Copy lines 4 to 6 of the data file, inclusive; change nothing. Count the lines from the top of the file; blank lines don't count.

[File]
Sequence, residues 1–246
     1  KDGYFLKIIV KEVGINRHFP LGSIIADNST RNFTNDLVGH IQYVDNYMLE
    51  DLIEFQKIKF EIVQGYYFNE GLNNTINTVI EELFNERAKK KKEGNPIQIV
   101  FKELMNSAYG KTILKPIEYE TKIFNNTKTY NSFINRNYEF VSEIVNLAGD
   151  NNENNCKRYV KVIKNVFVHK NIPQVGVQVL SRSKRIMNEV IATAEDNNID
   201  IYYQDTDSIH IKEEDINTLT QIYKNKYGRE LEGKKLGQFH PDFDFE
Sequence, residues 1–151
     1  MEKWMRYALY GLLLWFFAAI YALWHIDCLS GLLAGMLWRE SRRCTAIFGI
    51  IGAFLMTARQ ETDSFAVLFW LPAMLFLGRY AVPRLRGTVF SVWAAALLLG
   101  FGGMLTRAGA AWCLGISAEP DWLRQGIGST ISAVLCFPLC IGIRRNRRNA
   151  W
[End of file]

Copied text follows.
   101  FKELMNSAYG KTILKPIEYE TKIFNNTKTY NSFINRNYEF VSEIVNLAGD
   151  NNENNCKRYV KVIKNVFVHK NIPQVGVQVL SRSKRIMNEV IATAEDNNID
   201  IYYQDTDSIH IKEEDINTLT QIYKNKYGRE LEGKKLGQFH PDFDFE